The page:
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In a bravura interagency pageant of incompetence, the Trump administration managed today to wrest defeat from the jaws of victory. The Supreme Court decided in favor of the “Dreamers” in Department of Homeland Security v. Regents of the University of California, the blockbuster case weighing the fate of the Deferred Action for Childhood Arrivals (DACA) program announced in 2012 by the Obama administration. The impressive thing about the loss was that its reason was precisely the same one that cost Donald Trump his coveted victory in Department of Commerce v. New York, the high-profile “citizenship question” census case last year.

The Court held, 5–4, that the administration’s purported “rescission” of DACA was “arbitrary and capricious,” and thus had to be, at the very least, redone. At least for now, America’s Dreamers can stay.

Chief Justice John Roberts wrote the majority opinion, joined by Associate Justices Ruth Bader Ginsburg, Stephen Breyer, Elena Kagan, and Sonia Sotomayor. Today’s decision focused entirely on the administration’s ham-fisted botching of Administrative Procedure Act requirements. Roberts’s opinion left open the possibility that a properly executed rescission might stand. It wasn’t all good news for the Dreamers, though: Citing President Trump’s frequent attacks on immigrants, they had asked the Court to hold that the rescission also violated the equal-protection requirements of the Fifth Amendment—the hoped-for kiss of death for a new attempt. A hornbook principle of constitutional law is that the government can’t do much of anything just on the grounds that it hates (or feels “animus” toward) certain kinds of people. But four of the five justices in the majority demurred.

Sotomayor was alone in arguing that “‘the words of the President’ help to ‘create the strong perception’ that the rescission decision was ‘contaminated by impermissible discriminatory animus.’” In a one-page concurrence, she pointed out that Trump has described Mexican immigrants as “‘people that have lots of problems,’ ‘the bad ones,’ and ‘criminals, drug dealers, [and] rapists,’” and as “‘animals’ responsible for ‘the drugs, the gangs, the cartels, the crisis of smuggling and trafficking, [and] MS13.’” The other four justices in the majority dismissed those statements as “unilluminating.”

Two things are now clear. First, the nearly 700,000 DACA recipients currently in the program need not fear lightning Immigration and Customs Enforcement raids for a while longer. Second, their fate, like so much else that matters in American life, will be squarely on the November presidential ballot.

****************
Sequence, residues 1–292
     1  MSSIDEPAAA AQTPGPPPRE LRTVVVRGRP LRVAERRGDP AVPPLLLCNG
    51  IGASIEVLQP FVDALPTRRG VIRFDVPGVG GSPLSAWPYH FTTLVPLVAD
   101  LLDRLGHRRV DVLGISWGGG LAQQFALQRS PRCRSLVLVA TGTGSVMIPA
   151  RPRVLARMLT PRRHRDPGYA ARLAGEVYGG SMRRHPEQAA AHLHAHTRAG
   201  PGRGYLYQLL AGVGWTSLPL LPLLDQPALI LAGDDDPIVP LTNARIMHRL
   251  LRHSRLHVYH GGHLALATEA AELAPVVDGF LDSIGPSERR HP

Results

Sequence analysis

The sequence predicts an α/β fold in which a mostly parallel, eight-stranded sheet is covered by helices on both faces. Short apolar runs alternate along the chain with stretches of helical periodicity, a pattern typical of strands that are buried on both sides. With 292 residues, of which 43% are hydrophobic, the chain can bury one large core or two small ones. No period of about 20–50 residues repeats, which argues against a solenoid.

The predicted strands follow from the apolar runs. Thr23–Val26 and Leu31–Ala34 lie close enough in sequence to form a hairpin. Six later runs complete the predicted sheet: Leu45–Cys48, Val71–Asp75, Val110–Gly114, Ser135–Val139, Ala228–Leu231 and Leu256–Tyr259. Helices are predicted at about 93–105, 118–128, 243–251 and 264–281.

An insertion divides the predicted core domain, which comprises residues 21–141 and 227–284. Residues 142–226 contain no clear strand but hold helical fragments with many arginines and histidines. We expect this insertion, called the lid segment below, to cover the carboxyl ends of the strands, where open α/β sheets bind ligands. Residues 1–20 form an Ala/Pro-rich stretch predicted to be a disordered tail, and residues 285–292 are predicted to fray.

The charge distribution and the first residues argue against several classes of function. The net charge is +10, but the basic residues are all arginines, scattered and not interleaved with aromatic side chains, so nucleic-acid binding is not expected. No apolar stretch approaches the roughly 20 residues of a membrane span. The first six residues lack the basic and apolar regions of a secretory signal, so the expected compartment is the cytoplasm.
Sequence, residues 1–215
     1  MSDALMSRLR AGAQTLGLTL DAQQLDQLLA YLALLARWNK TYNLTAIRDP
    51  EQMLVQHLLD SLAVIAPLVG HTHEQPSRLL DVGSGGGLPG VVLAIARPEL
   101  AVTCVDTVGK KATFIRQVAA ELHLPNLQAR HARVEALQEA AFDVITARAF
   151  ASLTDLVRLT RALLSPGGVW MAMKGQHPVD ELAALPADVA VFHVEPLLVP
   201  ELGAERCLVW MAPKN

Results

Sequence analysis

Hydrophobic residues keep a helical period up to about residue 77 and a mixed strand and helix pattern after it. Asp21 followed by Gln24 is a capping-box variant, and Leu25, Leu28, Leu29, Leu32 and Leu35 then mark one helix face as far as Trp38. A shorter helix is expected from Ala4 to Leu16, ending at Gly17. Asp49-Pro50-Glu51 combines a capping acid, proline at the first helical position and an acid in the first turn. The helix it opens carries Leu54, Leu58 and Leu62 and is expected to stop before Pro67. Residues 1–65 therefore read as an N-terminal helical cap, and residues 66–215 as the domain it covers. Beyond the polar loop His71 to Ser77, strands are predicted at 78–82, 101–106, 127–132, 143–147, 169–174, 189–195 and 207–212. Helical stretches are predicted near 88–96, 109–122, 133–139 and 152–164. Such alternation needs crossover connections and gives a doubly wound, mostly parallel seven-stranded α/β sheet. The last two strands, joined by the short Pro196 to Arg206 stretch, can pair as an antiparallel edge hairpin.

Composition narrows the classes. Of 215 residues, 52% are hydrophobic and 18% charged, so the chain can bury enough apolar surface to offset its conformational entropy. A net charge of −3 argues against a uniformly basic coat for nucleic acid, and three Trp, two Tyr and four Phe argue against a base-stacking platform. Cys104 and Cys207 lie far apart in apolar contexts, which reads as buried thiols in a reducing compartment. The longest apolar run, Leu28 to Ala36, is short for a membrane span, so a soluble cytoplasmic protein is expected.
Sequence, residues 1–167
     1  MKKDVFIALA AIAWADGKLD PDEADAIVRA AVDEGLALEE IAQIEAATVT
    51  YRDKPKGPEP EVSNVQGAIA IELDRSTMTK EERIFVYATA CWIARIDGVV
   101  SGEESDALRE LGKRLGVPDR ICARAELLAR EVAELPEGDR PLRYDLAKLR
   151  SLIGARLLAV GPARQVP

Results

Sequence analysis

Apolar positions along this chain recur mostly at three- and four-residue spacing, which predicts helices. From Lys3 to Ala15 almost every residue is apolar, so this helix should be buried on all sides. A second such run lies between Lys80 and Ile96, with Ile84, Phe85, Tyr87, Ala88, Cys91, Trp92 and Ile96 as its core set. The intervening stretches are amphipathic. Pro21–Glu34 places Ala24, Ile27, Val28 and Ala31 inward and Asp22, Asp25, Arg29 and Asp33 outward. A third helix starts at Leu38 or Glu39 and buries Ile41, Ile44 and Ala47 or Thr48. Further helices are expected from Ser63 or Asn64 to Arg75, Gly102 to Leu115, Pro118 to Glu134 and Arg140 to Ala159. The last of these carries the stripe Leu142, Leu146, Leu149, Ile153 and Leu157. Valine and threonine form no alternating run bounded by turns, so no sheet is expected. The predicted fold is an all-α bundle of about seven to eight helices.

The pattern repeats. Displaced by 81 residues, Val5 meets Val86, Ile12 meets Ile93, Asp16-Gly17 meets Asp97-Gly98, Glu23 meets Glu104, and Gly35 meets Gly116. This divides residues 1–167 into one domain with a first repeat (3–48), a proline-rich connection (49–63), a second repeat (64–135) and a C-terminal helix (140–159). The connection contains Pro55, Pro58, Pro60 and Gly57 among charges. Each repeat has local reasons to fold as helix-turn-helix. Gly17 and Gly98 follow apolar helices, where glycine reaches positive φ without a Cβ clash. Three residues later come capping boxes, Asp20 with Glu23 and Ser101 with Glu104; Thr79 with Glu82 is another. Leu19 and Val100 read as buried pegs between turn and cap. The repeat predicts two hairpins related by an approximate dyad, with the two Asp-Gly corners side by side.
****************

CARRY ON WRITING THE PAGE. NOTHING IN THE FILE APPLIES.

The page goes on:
The administration’s basic approach to administrative procedures was unwittingly summed up best by Trump himself in March. Asked whether he took responsibility for the federal government’s botched response to the coronavirus pandemic, he proclaimed, “I don’t take responsibility at all.” It was all the fault of regulations and decisions made by Barack Obama, Trump explained.

Major Trump decisions are always someone else’s fault. In the census case, the citizenship question wasn’t added for any political or even policy reason—it was there, the administration insisted with a nearly straight face, because the Department of Justice insisted that it needed the question to enforce the Voting Rights Act. Four justices pretended to believe that, but Roberts wouldn’t go that far.

In the case of DACA, Attorney General Jeff Sessions announced on September 5, 2017, that the rescission was necessary because DACA had been created by the Obama administration “without proper statutory authority,” and thus constituted “an unconstitutional exercise of authority by the executive branch.”

There were, and are, respectable arguments to be made that he was right. But the fact is, Sessions didn’t bother to make them. And when Acting Homeland Security Secretary Elaine Duke followed up with an order winding down DACA, she didn’t either.

The cursory argument, unaccompanied by detailed analysis, was that the Fifth Circuit Court of Appeals had struck down a different, later, and much larger program called Deferred Action for Parents of Americans (DAPA). That decision was affirmed by a 4–4 decision of the Supreme Court in 2016, then one justice short.

Sessions said that the DAPA decision meant that DACA too was unlawful. He didn’t bother to explain why. But the DAPA program was significantly different from DACA, and the reasons the appeals court gave for striking down DAPA didn’t apply to DACA. It was, all in all, a Lionel Hutz–level performance by the attorney general.